All Things Foodie

Chicken Miyabi

One of my favorite dishes my mom makes is called Chicken Miyabi. Whenever I go back home, my friends all seem to become available for dinner so my mother can feed us all this delicious chicken. It is a win win for everyone since my mom loves to feed people and my friends only get to eat this specialty when I am in town.

My mom originally learned how to make this dish from my Auntie Joyce in Hawaii, where my mom was born and raised. I will post the steps below as well as photos, but am sadly not going to post the recipe. It is a family recipe and one that I prefer to keep secret and special. You start with fresh chicken breasts, cut into two inch cubes and lightly dredge them in flour. In the meantime, you prepare the sauce in which the chicken will take a short bath. It is a teriyaki sweet ginger sauce that simmers over low heat until ready for dipping. You will also need to prepare the oil for frying the chicken. We use two pans full of canola or vegetable oil at the right high heat. We lower about eight pieces of chicken in each pan and fry until they turn golden brown, while rotating them to ensure even cooking. Once the chicken is cooked through and the perfect golden brown color, my mom and I pull them out using tongs and soak them in the teriyaki sauce. The sauce is so deliciously absorbed into the crisp exterior flavoring the chicken in the perfect sweet sauce. We then place the chicken on paper towel lined plates to absorb the excess oil and keep the chicken crisp. We eat the chicken with white sticky rice and the combination is so good. It is not a seven course meal that is fancy, but rather the tastiest homemade meal of two things that will keep your taste buds craving more for weeks to come.

I was just home for the holidays and got to make this chicken with my mom and made great memories. It was as amazing as always and I promised to make it out here in LA so the people I care about most can try it.

All Things Foodie


I have been on a papaya kick lately where all I want to eat is the sweet, buttery fruit. My mom is from Honolulu, Hawaii and I was lucky enough to live there until I was 8 years old, so I have always had papaya fruit as a staple in my diet. It was understandably a little harder to come by in Nebraska though. 

Papaya is the fruit of the Carica papaya, native to the tropics of the Americas. The fruit is ripe when it is soft to the touch and the outer skin has changed from green to an amber or orange hue. The flesh inside the fruit is a rich orange color with either pink or yellow hues. Although papaya seeds are edible, they can be bitter in taste. I prefer to scrape them out gently with a spoon and discard them. I like the fruit best sliced in half and eaten with a spoon. 

There are many health benefits to consuming papaya. The fruit contains an enzyme called papain that helps digest proteins. It also is rich in carotenes, vitamin C, fiber, B vitamins, folate and pantothenic acid, potassium, copper, and magnesium. These nutrients promote cardiovascular health, provide protection against colon cancer, and prevent the oxidation of cholesterol, which lowers it.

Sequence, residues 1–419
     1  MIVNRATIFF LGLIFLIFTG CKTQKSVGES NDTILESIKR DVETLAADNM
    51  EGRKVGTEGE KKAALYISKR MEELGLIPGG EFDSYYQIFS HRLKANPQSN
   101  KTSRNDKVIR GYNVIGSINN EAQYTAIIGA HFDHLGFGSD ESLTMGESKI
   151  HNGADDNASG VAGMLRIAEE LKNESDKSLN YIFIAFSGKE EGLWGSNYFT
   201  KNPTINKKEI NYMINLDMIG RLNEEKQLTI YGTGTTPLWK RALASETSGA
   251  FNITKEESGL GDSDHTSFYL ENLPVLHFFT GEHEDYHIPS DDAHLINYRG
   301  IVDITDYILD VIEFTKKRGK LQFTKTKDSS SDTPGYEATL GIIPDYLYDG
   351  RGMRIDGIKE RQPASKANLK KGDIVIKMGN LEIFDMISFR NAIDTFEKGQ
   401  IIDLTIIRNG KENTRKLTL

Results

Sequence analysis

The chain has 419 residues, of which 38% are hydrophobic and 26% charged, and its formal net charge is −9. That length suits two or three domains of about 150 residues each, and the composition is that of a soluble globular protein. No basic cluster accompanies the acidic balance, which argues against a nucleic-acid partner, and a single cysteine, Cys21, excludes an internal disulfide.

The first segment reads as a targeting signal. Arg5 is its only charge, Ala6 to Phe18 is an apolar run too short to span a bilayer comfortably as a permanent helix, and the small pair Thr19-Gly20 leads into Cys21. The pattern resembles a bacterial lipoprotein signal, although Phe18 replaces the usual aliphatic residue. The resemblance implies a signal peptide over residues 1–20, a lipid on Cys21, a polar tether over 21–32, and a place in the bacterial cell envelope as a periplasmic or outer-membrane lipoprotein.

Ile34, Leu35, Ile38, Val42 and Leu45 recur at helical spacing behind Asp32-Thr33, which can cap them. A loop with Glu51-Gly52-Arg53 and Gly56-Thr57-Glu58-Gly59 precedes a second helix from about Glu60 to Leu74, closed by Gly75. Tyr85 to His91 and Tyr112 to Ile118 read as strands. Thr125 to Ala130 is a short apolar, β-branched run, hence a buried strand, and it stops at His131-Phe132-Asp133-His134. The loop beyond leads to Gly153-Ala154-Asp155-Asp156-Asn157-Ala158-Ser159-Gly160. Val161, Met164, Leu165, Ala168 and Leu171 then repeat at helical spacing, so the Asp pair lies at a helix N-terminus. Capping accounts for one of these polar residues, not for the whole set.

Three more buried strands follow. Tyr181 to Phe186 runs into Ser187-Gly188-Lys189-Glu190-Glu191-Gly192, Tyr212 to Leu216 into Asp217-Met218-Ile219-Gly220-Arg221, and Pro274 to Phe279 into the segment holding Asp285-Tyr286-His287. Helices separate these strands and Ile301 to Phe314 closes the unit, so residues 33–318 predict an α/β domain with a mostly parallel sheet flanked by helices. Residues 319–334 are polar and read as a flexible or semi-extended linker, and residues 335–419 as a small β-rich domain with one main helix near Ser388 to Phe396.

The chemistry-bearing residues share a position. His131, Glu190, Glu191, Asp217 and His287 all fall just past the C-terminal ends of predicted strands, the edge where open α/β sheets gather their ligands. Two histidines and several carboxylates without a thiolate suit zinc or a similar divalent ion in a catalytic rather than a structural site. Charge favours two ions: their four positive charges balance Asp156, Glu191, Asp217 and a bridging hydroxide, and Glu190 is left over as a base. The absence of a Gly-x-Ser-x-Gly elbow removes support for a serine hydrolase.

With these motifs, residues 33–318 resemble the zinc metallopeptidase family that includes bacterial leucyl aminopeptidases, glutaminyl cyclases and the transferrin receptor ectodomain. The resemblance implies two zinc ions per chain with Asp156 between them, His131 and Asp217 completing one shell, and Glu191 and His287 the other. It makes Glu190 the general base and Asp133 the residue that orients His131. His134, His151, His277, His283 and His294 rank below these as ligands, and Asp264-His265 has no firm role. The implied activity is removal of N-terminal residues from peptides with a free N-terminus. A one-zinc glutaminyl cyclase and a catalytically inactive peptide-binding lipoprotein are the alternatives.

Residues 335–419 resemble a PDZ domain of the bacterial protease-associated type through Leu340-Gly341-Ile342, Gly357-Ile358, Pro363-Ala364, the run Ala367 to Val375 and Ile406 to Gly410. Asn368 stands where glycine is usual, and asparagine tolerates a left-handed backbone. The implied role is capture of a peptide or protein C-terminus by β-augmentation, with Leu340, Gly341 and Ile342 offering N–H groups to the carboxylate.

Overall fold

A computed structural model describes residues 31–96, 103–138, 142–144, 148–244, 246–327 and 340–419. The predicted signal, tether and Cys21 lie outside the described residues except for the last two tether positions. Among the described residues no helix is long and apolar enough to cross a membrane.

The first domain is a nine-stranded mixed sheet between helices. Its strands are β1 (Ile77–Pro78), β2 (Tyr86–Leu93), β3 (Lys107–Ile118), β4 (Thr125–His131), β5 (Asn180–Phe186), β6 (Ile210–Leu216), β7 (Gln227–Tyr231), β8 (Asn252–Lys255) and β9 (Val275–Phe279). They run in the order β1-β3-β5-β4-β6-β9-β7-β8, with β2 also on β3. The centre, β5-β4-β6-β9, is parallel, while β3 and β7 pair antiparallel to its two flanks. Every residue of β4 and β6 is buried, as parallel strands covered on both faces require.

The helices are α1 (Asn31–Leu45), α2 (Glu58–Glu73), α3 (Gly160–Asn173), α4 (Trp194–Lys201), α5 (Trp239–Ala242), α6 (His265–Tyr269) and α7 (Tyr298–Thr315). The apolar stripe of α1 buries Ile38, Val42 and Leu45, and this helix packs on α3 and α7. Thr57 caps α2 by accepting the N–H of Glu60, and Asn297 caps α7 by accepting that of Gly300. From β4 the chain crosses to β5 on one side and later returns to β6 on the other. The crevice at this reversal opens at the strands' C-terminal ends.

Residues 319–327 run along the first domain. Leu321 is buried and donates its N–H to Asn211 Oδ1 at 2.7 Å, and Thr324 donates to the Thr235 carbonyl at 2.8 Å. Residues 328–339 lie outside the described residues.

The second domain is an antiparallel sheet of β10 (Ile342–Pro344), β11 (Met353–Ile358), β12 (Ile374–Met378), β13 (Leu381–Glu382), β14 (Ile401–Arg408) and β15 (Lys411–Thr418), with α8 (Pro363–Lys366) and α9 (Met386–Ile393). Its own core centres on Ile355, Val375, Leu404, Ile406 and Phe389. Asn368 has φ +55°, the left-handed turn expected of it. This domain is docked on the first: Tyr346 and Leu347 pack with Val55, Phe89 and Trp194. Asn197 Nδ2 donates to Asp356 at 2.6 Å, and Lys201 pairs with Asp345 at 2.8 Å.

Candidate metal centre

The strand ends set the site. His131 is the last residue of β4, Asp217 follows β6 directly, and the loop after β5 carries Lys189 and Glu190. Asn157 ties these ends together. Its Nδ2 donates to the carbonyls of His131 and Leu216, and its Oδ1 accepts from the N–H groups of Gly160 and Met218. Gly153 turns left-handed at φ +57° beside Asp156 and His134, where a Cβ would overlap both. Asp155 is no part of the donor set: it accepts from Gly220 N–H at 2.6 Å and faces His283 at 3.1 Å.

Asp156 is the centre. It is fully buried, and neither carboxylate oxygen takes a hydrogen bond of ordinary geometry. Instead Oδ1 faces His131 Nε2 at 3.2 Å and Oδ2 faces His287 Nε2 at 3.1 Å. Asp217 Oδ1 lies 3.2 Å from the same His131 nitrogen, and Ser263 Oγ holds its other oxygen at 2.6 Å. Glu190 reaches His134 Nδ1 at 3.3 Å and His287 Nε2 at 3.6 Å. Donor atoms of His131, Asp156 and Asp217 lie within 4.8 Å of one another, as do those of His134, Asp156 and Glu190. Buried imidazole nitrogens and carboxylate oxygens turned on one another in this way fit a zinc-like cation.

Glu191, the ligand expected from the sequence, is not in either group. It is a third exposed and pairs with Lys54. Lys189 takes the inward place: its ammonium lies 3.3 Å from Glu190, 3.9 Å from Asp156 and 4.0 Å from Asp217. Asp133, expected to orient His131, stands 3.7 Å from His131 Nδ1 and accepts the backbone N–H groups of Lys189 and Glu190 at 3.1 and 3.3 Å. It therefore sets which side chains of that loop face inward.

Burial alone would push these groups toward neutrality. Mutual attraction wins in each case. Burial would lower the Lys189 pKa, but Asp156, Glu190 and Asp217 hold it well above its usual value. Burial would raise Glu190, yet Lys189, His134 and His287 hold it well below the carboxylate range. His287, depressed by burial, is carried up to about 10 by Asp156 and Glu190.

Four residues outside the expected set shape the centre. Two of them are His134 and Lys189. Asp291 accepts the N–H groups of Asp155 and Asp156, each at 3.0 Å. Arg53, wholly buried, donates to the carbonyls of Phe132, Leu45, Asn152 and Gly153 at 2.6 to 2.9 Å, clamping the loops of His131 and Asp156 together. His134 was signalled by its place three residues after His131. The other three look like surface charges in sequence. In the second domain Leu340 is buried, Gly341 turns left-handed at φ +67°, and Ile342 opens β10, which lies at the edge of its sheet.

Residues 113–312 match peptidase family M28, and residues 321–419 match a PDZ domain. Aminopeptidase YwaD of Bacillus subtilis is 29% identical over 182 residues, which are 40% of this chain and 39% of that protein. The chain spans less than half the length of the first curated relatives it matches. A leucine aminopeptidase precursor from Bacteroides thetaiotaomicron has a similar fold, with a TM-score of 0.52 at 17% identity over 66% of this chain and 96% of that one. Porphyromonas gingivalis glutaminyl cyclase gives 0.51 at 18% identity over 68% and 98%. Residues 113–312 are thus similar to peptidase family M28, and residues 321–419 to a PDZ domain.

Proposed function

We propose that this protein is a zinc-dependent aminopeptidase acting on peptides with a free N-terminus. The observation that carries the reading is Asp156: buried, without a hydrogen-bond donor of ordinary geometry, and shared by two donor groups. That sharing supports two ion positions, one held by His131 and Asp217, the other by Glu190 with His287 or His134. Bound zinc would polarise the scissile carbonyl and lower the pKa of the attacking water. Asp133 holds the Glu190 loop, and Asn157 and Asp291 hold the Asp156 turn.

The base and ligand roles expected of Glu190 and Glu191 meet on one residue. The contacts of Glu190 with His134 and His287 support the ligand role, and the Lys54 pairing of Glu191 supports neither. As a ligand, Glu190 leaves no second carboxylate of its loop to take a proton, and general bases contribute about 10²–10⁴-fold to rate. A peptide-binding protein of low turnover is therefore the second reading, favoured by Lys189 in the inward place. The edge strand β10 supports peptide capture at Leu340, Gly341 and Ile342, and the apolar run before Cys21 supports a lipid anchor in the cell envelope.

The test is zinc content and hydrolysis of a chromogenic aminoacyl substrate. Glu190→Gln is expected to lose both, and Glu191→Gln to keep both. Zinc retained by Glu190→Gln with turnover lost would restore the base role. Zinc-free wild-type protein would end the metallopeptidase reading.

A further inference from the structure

Eating this beautiful delicious fruit reminds me of my childhood in Hawaii and my Grandma, my mom’s mom. She still eats one papaya every day. I prefer the Hawaiian papayas, they just taste sweeter to me, but I may be biased. Any way you get them, they are sure to be wonderful and I hope you enjoy them as much as I do. 



Honolulu Hawaii

My mother was born and raised in Honolulu, Hawaii. I was lucky enough to live in paradise until I moved to Nebraska when I was 8 years old. Or as the locals would say, I moved to the “Mainland.”

My memories of Hawaii are fond of the beach and all my favorite local foods. Hawaii is a piece of home to me.  Rough life, I know. Two of my most cherished places to go are Liliha Bakery and Ma’ema’e Elementary School.

Liliha Bakery serves the most light and fluffy pancakes at their well known pancake bar, which boasts a line out the door on most days. Don’t fret my pet, the line goes quickly and there are plenty of other delectable delights to go around. My three other favorite items on the menu are the Coco Puffs, which are cream puffs filled with rich chocolate pudding, the ladyfingers, and the blueberry corn muffins. These are the tastes of my childhood. The goodies are purchased in a deli counter fashion where the customer takes a number and waits for their number to be lit up in red and called out. My Popo, Chinese Grandmother, loves the chiffon cakes, so we always get her one and my sister, Megan loves the Ensemadas, which are sweet pastries.

Visiting my Elementary school, Ma’em’ae, is always a must. It reminds me of balmy Hawaiian days playing under the banyan trees and learning to hula for the school performances. The teachings of Hawaiian culture were embraced and celebrated. I have such warm memories of that time.

The other must do for me is go to Lanikai Beach, which is ranked among the world’s best beaches and is known for it’s soft sands and aquamarine blue water. Lanikai means “heavenly sea,” which describes this beach perfectly. There are soft, onshore trade winds that cause a soft rippling in the water in the tide pools, which are perfect for children. Offshore reefs protect the beach and make the water ideal for swimming, snorkeling, kayaking, and sunbathing. The ideal way to end the day is to stop for Shave Ice.

Hope you all get to visit one of my homes away from home, Honolulu, Hawaii. Aloha!